Horror just got medieval! An Australian filmmaker is set to expand a short film about crusaders fighting zombies, hoping to create a web series. A fundraising campaign is now underway to give Black Crusade the chance to unleash its undead horde.
Since a castle is its corporate logo, we should hardly be surprised that castles, as well as other elements of medieval architecture, figure prominently in a host of classic-era Disney films.
What do you get when you mix Burt Reynolds, Jason Statham, Ray Liotta and Ron Perlman in a movie together? You get a horrible movie. Those worlds are never meant to collide, and never in a fantasy movie.
A Templar and a Muslim; their strange friendship is the premise of this week’s movie based in the 12th century immediately after the disastrous Battle of Hattin.
This week’s medieval movie is Northmen: A Viking Saga.
This week, we have the retelling of the epic Arthurian romance of Sir Gawain and the Green Knight in this 1984 fantasy reboot.
Another weekend, another medieval movie! This week, I review “The Four Warriors”.
My review of this disappointing venture featuring Clive Owen and Morgan Freeman.
So bad, it’s good. If you’re looking for a medieval movie to watch and a laugh, The Magic Sword might be for you!
As I explore how Disney medievalized nature, I also explore how Snow White and Sleeping Beauty, in a small but significant way, participated in mid-twentieth-century discourses on the environment.
Macbeth opened in October in London to critical acclaim. The movie is being released today in Canada and the US.
Making the Medieval Relevant: Crossing Boundaries: Interdisciplinary Studies on Disease and Disability
A summary of a paper given by Professor Christina Lee at the University of Nottingham’s “Making the Medieval Relevant” Conference.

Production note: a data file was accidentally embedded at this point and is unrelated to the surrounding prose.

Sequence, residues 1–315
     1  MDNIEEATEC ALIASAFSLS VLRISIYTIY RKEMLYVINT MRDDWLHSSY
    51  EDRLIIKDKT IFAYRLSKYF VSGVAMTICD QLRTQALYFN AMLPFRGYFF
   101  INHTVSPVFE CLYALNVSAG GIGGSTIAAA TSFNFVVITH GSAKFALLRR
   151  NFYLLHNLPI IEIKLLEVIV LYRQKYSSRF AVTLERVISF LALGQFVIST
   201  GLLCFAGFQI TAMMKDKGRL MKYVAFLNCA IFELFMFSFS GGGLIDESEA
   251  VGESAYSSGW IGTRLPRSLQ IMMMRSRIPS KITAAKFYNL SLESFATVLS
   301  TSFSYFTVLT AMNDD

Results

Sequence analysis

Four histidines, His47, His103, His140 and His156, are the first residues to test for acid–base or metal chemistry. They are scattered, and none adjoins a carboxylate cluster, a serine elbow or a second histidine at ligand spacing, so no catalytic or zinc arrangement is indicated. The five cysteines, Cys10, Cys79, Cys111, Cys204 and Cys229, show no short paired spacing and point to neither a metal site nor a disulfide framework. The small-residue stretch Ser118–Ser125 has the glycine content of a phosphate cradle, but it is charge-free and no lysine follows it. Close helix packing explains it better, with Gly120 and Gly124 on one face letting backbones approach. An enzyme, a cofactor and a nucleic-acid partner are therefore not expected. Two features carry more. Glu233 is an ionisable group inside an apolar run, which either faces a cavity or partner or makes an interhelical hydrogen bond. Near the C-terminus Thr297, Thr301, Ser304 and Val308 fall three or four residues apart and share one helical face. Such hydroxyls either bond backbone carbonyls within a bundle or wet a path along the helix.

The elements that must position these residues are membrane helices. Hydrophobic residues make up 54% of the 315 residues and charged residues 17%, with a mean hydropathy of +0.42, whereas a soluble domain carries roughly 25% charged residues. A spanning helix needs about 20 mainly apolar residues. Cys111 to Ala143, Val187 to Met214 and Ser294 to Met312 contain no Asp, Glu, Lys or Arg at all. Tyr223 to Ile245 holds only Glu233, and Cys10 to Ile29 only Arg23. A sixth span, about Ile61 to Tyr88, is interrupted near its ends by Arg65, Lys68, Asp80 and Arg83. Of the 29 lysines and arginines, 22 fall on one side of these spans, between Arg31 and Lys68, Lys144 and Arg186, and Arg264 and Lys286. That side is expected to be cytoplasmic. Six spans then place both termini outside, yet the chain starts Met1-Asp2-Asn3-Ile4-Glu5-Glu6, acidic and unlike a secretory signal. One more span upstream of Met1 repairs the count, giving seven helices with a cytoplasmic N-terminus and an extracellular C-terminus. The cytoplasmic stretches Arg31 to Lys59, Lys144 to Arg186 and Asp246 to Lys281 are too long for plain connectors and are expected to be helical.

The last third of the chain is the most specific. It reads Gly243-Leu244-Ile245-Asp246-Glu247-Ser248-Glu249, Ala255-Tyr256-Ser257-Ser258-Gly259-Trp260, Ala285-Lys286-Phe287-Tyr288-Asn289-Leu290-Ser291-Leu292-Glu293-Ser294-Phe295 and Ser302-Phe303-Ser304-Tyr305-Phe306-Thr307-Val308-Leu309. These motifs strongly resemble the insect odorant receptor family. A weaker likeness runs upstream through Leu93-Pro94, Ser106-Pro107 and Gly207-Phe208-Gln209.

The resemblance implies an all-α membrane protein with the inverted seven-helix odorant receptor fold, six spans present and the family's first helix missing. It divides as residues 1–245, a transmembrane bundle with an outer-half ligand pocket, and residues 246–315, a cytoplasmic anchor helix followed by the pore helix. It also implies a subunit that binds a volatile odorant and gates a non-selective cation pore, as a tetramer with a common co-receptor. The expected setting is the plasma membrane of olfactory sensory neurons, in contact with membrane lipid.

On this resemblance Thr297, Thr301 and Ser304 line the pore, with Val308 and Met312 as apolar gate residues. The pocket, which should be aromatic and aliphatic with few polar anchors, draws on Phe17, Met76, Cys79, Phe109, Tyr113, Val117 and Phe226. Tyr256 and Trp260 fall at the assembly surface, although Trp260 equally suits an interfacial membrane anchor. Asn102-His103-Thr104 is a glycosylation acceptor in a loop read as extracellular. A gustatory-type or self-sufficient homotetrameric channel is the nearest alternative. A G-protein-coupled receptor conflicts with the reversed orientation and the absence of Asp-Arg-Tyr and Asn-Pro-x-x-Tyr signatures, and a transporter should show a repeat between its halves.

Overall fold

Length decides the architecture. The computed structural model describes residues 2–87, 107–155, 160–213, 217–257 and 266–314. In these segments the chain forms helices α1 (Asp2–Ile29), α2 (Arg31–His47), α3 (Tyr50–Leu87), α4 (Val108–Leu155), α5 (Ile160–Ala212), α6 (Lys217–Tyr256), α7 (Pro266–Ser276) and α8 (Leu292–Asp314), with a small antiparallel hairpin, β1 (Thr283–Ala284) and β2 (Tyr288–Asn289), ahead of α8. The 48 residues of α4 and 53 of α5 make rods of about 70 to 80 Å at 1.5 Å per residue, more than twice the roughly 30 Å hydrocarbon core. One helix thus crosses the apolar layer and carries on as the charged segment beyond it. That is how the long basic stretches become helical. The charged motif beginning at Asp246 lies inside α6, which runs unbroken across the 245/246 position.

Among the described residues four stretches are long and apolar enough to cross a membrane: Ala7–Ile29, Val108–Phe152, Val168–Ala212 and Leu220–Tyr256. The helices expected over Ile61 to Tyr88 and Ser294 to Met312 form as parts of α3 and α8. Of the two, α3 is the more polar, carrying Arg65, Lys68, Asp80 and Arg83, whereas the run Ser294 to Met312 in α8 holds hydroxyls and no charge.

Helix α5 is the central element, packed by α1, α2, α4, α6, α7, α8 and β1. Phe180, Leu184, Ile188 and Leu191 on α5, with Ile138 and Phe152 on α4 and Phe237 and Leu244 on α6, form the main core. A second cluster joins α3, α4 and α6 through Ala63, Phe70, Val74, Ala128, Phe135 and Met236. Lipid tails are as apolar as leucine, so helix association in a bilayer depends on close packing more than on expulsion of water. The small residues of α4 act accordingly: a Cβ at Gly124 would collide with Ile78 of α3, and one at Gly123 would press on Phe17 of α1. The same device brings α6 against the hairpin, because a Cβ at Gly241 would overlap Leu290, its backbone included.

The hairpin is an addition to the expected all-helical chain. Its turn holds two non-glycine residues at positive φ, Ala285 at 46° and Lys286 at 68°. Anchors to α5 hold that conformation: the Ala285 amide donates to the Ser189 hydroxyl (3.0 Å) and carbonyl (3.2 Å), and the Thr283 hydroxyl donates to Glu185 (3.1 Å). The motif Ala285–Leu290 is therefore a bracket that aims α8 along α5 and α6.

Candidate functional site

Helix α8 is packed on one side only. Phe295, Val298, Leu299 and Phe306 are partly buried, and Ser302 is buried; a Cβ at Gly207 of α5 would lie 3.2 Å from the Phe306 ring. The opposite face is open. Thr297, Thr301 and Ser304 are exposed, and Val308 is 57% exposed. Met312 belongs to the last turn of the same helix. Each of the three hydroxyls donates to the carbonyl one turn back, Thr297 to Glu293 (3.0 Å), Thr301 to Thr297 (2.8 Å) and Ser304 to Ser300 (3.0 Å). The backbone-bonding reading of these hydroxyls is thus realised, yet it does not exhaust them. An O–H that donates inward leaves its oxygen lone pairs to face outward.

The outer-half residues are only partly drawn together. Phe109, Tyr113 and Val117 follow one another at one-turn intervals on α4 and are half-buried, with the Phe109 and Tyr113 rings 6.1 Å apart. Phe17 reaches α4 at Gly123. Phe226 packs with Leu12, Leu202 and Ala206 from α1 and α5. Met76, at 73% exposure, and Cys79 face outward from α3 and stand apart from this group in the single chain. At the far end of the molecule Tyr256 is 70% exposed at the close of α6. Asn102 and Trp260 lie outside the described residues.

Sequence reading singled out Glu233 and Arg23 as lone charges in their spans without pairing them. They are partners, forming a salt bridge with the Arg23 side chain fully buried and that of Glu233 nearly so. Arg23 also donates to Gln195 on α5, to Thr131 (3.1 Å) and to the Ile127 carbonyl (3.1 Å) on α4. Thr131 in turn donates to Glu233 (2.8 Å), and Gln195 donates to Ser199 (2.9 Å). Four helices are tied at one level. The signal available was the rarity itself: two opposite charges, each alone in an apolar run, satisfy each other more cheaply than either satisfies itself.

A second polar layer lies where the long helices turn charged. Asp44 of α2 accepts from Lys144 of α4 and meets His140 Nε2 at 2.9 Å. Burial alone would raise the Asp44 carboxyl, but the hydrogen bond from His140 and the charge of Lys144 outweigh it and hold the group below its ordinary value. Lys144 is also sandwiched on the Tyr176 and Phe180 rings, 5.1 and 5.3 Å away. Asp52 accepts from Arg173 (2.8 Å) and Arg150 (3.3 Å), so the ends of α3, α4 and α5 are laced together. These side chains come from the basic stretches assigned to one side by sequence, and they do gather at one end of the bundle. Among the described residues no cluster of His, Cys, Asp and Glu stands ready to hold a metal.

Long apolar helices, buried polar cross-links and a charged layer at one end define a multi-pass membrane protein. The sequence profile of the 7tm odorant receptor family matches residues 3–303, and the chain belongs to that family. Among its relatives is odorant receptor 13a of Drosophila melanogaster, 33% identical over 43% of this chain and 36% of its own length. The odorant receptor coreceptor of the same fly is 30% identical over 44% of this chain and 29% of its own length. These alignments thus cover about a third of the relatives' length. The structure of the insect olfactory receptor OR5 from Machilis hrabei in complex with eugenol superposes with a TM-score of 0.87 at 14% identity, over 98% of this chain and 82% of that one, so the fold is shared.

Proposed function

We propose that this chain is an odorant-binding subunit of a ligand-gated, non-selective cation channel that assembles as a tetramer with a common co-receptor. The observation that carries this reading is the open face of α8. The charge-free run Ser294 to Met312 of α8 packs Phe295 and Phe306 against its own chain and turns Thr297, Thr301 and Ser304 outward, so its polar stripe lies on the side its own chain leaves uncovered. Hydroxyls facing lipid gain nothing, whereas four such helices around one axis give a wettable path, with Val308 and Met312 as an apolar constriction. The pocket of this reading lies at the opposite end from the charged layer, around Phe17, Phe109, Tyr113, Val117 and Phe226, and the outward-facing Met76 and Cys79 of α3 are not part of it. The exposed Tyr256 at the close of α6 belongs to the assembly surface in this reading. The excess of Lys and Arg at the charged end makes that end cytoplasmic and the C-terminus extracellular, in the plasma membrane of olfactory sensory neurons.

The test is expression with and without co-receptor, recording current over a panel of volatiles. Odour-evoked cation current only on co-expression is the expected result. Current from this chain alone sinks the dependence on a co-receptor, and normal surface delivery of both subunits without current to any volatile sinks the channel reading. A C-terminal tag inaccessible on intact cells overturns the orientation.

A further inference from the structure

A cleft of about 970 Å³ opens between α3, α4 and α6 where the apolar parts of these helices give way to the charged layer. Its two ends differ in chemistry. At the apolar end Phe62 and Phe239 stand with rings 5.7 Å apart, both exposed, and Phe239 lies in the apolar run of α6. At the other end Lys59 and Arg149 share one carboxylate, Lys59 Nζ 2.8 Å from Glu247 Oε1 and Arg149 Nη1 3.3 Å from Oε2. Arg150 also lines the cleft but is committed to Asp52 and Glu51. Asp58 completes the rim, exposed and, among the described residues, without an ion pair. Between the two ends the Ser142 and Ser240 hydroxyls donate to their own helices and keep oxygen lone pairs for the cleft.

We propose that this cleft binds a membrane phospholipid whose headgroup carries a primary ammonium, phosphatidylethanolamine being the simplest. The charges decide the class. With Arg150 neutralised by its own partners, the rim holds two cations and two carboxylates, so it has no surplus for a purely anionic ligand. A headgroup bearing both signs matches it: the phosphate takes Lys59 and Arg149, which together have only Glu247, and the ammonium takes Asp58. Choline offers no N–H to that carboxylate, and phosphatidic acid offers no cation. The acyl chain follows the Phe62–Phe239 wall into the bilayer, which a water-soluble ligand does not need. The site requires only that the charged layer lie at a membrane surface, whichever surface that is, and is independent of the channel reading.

This week, historians around the world are gearing up to commemorate the 600th anniversary of the Battle of Agincourt, one of the most significant battles of the Hundred Year’s War.
Kenneth Branagh’s film of Henry V, released in 1989, was greeted with wide critical acclaim of a kind which repays close attention.
This paper explores how embroidery has been used in films to establish, and often destroy, feminine space and autonomy. However, the most recent addition to the medieval film canon represents a distinct change in this trend.
The essay begins with a negative image of a medieval scene in Monty Python and the Holy Grail, which is used to point out that the scene is a knowing parody rather than founded on a genuine belief in an unmitigatedly dark age
Secret Gestures and Silent Revelations: The Disclosure of Secrets in Selected Arthurian Illuminated Manuscripts and Arthurian Films
This paper explores visual language and iconic systems central to the representation of the Arthurian cycle in thirteenth and fifteenth century Gothic illuminated manuscripts and in two Arthurian films; its focus is the theme of courtly love and crucial revelations of the secret or hidden.
Machiavelli and Botticelli are set to hit screens in 2016. We sat down to chat with Italian director, Lorenzo Raveggi about his two ambitious projects.
Late 16th century Venice, where a woman can be a nun, a wife or a courtesan. For Veronica Franco, the free spirited girl scorned by because of her lack of wealth, the choice is an obvious one…
As far as medieval movies go, Tristan and Isolde definitely isn’t the worst I’ve seen. I was looking for a movie to watch after work, and I thought, hey, James Franco, Sophia Moyles, Henry Cavill, and Rufus Sewell, all directed by Ridley Scott?! – this can’t be that bad. Well, it was pretty bad, but it wasn’t the worst 2 hours of my life. So what went wrong?
Hayao Miyazaki’s films always present vibrant worlds full of lush, colorful landscapes, characters, and fantastic, even mythic adventures.
All four films entirely reject the setting for the legend given by the early/scholarly tradition. All four are set firmly and unmistakably in or just after the reign of Richard I (1189-99), either during Richard’s absence on Crusade, or (Marian alone) just after his death at Chaluz.
When the people behind Knights of Badassdom wanted us to promote the film, I asked if they wanted us to review it. They said no. After watching it, I can understand why.
This adaption of Shakespeare’s tragedy stars Michael Fassbender, with Marion Cotillard portraying his wife, Lady Macbeth.